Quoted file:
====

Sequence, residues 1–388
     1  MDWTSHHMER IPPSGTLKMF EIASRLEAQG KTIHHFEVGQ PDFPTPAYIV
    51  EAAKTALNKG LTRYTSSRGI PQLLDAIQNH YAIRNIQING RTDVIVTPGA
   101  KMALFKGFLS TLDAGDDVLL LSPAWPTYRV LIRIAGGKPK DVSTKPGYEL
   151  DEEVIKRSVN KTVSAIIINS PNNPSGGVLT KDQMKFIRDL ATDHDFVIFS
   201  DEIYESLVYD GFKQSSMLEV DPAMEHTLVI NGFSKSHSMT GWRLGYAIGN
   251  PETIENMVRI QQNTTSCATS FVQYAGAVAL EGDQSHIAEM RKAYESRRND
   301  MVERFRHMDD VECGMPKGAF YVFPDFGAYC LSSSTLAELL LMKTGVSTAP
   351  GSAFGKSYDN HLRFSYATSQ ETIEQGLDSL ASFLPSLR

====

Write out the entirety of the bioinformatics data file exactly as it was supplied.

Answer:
Sequence, residues 1–388
     1  MDWTSHHMER IPPSGTLKMF EIASRLEAQG KTIHHFEVGQ PDFPTPAYIV
    51  EAAKTALNKG LTRYTSSRGI PQLLDAIQNH YAIRNIQING RTDVIVTPGA
   101  KMALFKGFLS TLDAGDDVLL LSPAWPTYRV LIRIAGGKPK DVSTKPGYEL
   151  DEEVIKRSVN KTVSAIIINS PNNPSGGVLT KDQMKFIRDL ATDHDFVIFS
   201  DEIYESLVYD GFKQSSMLEV DPAMEHTLVI NGFSKSHSMT GWRLGYAIGN
   251  PETIENMVRI QQNTTSCATS FVQYAGAVAL EGDQSHIAEM RKAYESRRND
   301  MVERFRHMDD VECGMPKGAF YVFPDFGAYC LSSSTLAELL LMKTGVSTAP
   351  GSAFGKSYDN HLRFSYATSQ ETIEQGLDSL ASFLPSLR